Ooops. I did it again. I judged another storytelling contest. This one was sponsored by Lampara Books in partnership with PETA. It was held during the 2014 MIBF.
I'm sharing a comment I posted on Jack Javier's FB post regarding a photo of the winner in Category A. Apparently, his mother was the coach of Chelsea, the student who won first place. Chelsea is studying in Comembo Elementary School.
Chelsea, was my 1st choice.
She has a solid and comforting voice. I hope she learns how to control it as she grows up and become a good storyteller, performer or a public speaker in the future. She appeared relaxed and comfortable telling the story. Thus, her actions were not a nuisance to her performance, rather, it enriched the telling.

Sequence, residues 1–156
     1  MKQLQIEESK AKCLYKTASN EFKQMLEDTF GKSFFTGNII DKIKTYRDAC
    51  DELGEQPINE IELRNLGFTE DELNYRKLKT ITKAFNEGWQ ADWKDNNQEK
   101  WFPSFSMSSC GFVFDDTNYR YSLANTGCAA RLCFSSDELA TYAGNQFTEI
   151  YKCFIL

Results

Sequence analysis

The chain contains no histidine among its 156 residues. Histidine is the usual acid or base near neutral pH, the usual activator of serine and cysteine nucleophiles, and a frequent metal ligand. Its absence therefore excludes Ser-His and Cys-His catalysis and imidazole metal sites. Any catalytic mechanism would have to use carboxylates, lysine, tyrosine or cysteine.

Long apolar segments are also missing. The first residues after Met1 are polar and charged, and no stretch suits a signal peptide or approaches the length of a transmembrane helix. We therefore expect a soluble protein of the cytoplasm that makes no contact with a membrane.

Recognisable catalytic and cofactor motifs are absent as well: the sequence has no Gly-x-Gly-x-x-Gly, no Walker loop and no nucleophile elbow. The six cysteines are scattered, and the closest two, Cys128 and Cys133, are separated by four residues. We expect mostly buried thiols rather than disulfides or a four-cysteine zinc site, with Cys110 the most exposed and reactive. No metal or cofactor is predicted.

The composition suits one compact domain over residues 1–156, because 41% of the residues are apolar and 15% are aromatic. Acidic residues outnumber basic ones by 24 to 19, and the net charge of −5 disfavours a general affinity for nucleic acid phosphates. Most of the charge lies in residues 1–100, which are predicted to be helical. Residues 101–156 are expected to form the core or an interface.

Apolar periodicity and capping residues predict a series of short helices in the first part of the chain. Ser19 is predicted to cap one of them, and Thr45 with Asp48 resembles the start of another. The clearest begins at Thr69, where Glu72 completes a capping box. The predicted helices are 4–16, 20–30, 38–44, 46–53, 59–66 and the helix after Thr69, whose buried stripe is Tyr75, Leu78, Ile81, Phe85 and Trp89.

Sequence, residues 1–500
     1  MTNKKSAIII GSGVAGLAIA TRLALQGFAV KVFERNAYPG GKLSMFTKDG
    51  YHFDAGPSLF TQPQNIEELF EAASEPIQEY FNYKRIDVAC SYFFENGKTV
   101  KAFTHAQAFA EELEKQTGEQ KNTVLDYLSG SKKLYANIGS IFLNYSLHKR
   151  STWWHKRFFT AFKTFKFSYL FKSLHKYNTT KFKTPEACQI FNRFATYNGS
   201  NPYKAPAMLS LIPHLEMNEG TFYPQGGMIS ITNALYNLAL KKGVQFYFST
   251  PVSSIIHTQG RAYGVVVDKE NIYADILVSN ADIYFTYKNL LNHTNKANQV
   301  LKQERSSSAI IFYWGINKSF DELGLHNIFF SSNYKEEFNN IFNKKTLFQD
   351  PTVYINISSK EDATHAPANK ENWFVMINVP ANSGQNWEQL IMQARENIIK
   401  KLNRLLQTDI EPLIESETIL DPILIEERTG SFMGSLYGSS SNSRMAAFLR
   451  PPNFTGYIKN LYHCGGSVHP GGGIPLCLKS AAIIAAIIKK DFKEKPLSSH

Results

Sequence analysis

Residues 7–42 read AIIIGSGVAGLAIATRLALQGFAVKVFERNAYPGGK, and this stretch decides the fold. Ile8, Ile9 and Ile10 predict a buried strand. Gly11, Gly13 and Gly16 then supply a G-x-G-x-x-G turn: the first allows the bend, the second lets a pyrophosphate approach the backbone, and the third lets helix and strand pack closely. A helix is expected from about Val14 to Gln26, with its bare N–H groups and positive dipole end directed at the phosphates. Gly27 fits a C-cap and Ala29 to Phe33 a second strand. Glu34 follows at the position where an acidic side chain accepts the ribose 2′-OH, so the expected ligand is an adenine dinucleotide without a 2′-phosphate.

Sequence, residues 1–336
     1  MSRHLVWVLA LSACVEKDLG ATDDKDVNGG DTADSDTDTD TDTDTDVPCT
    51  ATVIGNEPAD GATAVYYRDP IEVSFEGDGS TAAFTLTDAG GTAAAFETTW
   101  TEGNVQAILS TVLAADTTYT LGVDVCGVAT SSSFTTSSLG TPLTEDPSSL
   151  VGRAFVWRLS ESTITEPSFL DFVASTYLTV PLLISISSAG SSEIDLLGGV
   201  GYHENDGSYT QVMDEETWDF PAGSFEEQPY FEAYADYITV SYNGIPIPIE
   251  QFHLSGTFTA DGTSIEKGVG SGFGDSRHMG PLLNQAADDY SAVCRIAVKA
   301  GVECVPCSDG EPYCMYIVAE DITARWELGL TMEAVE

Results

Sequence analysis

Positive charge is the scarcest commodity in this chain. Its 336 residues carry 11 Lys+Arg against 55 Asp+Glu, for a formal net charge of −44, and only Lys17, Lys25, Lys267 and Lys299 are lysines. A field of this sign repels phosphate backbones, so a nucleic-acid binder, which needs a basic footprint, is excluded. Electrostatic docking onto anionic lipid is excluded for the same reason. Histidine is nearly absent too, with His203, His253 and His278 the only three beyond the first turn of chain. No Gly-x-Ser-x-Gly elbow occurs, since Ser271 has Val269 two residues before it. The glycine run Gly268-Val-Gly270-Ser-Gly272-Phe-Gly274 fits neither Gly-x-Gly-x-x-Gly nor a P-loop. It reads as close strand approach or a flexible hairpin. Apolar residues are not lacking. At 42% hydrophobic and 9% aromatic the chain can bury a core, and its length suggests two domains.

She can do a lot with her voice. I closed my eyes for a few mins during her performance and I could see an image of Nanay, haggard but happy being superhuman. This is one way of telling how effective the storytelling is- when listening to a storyteller would elicit images that connects the listener to the story being told. We've grown too accustomed to visual images when in fact, before TV and the Internet, we had the radio. And before that, we had oral literature. And in this tradition, storytelling is meant to make people LISTEN. When we listen, we are SILENT for a while so that, we can use our brains to imagine, to see images using our minds and to allow another person, in this instance, the storyteller to affect us.
I hope teachers and coaches of storytelling remember this value of storytelling as an oral and aural tradition. And lastly, when we allow another person to affect us, we learn to trust. We build compassion. See how powerful storytelling can be?